About four hundred well-heeled shareholders showed up for the CRH AGM bang in the centre of Ballsbridge recently. They were ducking no one. The board was on parade. The contrast with the attendance at the recent EBS annual meeting could not have been starker. EBS members look less prosperous, more downtrodden mainly because they are. At the EBS shootout there was sedition in the air. Down at CRH there was middle- class contentment. The shareholders were anaesthetised, high on healthy profits.
CRH was even making the news last week. John Magnier and JP McManus were rumoured to be in the market for shares. Nothing was more certain to provoke a bit of colour and comment at the AGM. The two musketeers had sent the share price north. The board was sure to be forced to clarify the rumours.
Yet not a whisper of the colourful duo surfaced.
Pat Molloy, the departing chairman, ran the meeting with cold precision. He read the mandatory piece of self-praise, bored the shareholders to death, sent them to sleep and then invited questions.
Jeremy Craig, an articulate former diplomat, asked a sensible question about climate change. Molloy was well-greased, probably by the top-dollar spinners who orchestrate all CRH events. Suddenly, the smell of sulphur surfaced.
Seamus Maye, a long-time opponent of CRH, took a calm swipe at the board. He reminded the audience that CRH had been fined for flouting cartel laws, that it faced huge liabilities for this in the US, and that it was involved in illegal dumping.
The shareholders were silent.
Maye even mentioned two taboo subjects CRH’s flirtation with Ansbacher bank; and worse still, the fact that the company faces accusations of destroying sensitive evidence in an important Polish court case. Molloy, soothing the soporific shareholders, offered a blanket denial of the allegations, avoiding the specifics, and moved on.
The docile crowd nodded back into its slumbers. Their attitude was pretty clear; cartels are awful, but not quite so awful if they are your cartels . This cartel has done its shareholders proud. CRH shares have risen by 88 per cent in the last seven years.
A sycophant in the front row countered Maye’s assault by supporting the board. In a stunning non sequitur, he claimed that the company could not possibly be a cartel as it was well-diversified! The same sycophant wanted to second Molloy’s proposals of all the board members standing for re-election. His enthusiasm was so embarrassing that poor Pat was forced to politely seek a different seconder.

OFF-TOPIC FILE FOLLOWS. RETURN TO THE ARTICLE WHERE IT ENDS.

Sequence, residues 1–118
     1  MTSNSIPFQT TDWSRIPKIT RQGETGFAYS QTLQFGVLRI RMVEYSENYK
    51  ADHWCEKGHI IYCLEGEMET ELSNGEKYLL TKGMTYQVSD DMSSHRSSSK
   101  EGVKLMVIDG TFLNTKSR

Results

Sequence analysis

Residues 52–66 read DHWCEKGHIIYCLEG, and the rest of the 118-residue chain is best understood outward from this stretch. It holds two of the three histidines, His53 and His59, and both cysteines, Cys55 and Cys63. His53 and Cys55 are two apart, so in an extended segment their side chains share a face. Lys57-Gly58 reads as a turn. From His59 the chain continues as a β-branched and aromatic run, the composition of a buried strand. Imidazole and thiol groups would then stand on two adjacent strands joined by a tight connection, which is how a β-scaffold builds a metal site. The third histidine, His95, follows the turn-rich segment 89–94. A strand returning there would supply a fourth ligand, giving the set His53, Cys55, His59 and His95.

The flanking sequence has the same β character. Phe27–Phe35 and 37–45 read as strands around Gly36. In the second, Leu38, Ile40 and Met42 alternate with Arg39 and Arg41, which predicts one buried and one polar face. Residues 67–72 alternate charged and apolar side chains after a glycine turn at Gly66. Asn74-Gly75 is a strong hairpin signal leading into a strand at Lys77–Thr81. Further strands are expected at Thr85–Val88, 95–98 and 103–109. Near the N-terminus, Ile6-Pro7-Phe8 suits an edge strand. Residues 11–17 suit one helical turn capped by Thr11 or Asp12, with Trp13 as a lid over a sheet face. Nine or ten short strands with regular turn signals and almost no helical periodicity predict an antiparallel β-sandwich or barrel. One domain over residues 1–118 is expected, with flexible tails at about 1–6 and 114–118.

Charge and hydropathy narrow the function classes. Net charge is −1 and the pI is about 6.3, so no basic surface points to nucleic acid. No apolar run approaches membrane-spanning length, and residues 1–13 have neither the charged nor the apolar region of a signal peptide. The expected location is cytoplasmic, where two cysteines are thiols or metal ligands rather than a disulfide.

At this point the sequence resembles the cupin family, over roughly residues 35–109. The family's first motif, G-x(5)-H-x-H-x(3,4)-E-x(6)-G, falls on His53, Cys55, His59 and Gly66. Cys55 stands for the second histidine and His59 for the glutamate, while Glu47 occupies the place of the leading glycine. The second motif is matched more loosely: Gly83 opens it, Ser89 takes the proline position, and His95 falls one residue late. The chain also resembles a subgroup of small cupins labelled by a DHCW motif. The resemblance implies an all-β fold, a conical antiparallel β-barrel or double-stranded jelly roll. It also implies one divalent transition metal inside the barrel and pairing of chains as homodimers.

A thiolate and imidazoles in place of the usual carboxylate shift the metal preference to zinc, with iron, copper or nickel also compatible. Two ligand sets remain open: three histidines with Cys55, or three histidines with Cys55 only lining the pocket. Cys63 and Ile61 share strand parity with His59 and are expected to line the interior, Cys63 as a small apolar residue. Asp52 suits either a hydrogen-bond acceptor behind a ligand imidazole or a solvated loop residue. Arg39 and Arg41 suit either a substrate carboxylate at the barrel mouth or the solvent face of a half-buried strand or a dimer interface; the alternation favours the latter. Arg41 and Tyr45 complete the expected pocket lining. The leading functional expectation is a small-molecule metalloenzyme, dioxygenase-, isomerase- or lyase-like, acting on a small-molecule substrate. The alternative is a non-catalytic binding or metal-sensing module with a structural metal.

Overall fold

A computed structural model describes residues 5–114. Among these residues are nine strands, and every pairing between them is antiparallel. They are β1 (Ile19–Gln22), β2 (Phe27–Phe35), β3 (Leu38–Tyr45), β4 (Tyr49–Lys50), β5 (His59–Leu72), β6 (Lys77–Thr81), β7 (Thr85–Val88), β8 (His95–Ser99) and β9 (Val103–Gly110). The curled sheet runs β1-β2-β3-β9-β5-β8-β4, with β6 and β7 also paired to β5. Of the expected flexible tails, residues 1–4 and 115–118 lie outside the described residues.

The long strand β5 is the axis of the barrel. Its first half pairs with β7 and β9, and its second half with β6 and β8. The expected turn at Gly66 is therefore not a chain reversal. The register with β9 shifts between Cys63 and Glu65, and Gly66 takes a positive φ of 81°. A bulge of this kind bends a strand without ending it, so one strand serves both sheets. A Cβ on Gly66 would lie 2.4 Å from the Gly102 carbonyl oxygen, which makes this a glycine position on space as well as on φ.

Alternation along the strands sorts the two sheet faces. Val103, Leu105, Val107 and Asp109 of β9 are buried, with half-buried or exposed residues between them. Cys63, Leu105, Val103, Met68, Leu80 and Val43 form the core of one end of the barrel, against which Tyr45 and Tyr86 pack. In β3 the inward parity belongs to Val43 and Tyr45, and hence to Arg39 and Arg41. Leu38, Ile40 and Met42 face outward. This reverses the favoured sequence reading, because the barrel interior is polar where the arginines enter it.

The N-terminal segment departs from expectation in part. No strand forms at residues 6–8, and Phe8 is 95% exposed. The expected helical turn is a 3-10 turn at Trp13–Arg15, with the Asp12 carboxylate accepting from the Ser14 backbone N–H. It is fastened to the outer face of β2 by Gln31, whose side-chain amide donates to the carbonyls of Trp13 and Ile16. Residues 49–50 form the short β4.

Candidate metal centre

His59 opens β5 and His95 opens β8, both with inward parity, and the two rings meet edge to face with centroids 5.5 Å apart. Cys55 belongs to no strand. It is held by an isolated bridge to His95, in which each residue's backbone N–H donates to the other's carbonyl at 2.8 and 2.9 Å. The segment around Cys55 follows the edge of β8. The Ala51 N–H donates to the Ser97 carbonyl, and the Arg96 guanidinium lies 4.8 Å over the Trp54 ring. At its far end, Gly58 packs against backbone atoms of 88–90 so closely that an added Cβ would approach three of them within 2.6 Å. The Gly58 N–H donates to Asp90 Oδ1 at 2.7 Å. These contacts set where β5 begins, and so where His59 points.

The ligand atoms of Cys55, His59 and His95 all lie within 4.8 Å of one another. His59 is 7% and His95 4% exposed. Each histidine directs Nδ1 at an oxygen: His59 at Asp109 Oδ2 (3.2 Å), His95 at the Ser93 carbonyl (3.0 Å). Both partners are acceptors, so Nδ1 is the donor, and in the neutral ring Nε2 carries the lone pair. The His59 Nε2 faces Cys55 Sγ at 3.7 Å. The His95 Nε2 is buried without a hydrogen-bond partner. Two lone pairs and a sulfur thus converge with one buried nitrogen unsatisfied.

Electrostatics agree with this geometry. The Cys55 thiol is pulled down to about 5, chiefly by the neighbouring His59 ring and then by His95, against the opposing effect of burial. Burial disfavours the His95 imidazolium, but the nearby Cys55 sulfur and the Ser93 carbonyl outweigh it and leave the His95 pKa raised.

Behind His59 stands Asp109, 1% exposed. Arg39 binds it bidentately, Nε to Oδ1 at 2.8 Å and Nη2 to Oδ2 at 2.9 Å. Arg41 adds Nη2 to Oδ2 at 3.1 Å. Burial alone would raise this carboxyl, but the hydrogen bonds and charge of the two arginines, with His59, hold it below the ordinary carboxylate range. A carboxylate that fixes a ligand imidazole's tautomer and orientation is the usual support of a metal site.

The entire set piece went to order. The orchestration of the event was a bit over the top. It was a text-book case in how to deaden an AGM, right down to the top-of-the-range sandwiches and wine.
And then it came to the voting.
Remember, this is the company that annually paid large sums to political parties “in the interests of democracy.” The proxy votes on all resolutions were cast in favour of the board by 99 per cent to one. Saddam Hussein would have been envious of democracy CRH-style. Perhaps former CRH chairman Des Traynor even fixed him up with an Ansbacher account?
Later on, veteran board-hopper David Kennedy, who has been a part-time director for 18 years, was re-elected by 99 per cent to one. Molloy, the ex-Bank of Ireland boss, pronounced his pal, the ex-Bank of Ireland chief, as “effective” according to the board’s evaluations. He gave the same clean bill of health to Terry Neill, the current Bank of Ireland director.
The Bank of Ireland still crops up everywhere you find CRH. The cosy CRH/Bank of Ireland link remains. Guess who is CRH’s biggest shareholder? None other than Bank of Ireland Asset Management, with all of seven per cent of the equity. AIB does not hold even half that amount.
No one at the meeting seemed to recognise the underlying danger. CRH earns a significant percentage of its income in US dollars. The sleep-in failed to zone in on the threat to the company that exists as long as the dollar tanks.
Yet out on the world’s markets the price of CRH shares fell by nearly 1, while the shareholders at home sipped wine, coffee and exotic sandwiches.
CRH could always hold its annual meeting in New York in recognition of its huge US shareholder base and transatlantic earnings. Not on your life. US investors are notoriously penetrating and curious. Better to hold it in Dublin, where the mob is suitably tranquilised.
The secret to a successful AGM is location, location, location.